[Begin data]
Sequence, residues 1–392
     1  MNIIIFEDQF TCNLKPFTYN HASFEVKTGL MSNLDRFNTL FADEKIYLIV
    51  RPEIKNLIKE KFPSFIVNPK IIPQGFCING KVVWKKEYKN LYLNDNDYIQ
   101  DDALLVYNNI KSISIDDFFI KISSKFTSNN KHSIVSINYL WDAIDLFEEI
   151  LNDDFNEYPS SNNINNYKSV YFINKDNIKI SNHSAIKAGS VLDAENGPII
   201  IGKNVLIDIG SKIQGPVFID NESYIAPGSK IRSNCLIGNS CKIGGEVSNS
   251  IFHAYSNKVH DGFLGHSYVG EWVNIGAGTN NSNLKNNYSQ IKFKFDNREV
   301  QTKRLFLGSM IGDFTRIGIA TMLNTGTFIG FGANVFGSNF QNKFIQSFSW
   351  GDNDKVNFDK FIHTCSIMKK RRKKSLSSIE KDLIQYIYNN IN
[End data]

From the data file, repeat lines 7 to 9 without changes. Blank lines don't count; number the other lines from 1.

   251  IFHAYSNKVH DGFLGHSYVG EWVNIGAGTN NSNLKNNYSQ IKFKFDNREV
   301  QTKRLFLGSM IGDFTRIGIA TMLNTGTFIG FGANVFGSNF QNKFIQSFSW
   351  GDNDKVNFDK FIHTCSIMKK RRKKSLSSIE KDLIQYIYNN IN